"Sleuth" comes with a good deal of baggage; it was made from the Anthony Shaffer play of thirty years ago, now rewritten for the screen by the Nobel-prizewinner Harold Pinter and directed by Kenneth Branagh, and if you've never seen a Pinter play you should see this one; it's filled with pregnant pauses and obscure meanings of otherwise transparent lines. I happen to like it. Here's what happens: A man drives up to a stunning, modern country house owned by the successful crime novelist Andrew Wyke - played to perfection by Michael Caine. The man is a sometime actor, without money, named Milo Tindle (played by Jude Law), who has been sleeping with Andrew's wife in London, and now would like to find a way for Andrew to give her a divorce, which he refuses to do. (By the way, in the first production of the play, Caine played the Jude Law role.)
The two men dance round and round each other; the house, with its many secret rooms and furnishings and even an elevator, becomes the third character of the play. Wyke says he won't give the divorce, but offers Milo a role to play as an intruder, coming to steal a necklace, bracelet and earring combination, then going to Amsterdam to fence them and earning himself a good deal of money. What happens after that is not for me to reveal.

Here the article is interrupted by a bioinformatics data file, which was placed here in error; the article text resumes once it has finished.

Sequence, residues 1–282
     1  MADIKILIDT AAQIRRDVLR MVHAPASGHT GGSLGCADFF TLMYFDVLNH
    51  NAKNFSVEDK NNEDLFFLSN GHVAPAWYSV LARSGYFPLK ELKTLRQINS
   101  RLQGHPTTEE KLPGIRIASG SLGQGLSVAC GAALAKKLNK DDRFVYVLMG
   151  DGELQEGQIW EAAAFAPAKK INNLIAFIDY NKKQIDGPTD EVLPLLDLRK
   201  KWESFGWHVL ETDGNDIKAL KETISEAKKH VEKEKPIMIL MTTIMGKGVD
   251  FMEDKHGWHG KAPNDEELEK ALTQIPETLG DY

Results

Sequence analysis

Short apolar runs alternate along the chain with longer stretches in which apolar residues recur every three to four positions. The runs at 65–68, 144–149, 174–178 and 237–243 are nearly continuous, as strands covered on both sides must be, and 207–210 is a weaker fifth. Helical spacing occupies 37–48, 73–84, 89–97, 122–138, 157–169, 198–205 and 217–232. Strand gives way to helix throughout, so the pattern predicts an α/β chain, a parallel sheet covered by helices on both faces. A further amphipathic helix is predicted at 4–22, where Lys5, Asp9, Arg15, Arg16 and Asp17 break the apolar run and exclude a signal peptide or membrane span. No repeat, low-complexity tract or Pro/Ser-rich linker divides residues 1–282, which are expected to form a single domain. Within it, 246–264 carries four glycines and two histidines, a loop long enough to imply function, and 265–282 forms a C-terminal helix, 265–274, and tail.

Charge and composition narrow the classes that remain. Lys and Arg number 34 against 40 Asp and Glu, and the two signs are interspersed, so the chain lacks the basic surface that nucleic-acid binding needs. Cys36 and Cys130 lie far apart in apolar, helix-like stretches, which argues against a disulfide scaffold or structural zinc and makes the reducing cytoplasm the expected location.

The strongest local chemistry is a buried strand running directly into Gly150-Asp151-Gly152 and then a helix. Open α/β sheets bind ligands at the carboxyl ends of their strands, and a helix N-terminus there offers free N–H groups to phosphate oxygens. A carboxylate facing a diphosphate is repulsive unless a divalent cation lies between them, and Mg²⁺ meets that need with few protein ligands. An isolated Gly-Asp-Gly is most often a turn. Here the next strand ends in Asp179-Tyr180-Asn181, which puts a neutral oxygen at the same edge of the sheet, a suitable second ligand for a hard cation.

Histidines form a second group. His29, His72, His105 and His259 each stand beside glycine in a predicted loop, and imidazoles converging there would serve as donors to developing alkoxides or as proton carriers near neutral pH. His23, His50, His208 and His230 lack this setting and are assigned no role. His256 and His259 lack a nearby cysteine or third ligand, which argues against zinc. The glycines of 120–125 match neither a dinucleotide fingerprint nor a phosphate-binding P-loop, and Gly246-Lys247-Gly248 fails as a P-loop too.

Like many play-to-screen adaptations, Branagh was stuck with a static location, so he photographs everything from odd angles: the ceiling, the floor, the two men's nostrils; you name it. Because the house was interesting for us to look at, it sometimes works; but we also know that we are still and forever inside it. Caine has a much more interesting role than does Law, but I do believe that that was always the case; certainly he makes a more interesting impression on us. For me, "Sleuth" was an example of a film that time has passed by; too bound by theatre conventions, too narrow in its focus, just a way to let two talented actors loose once again.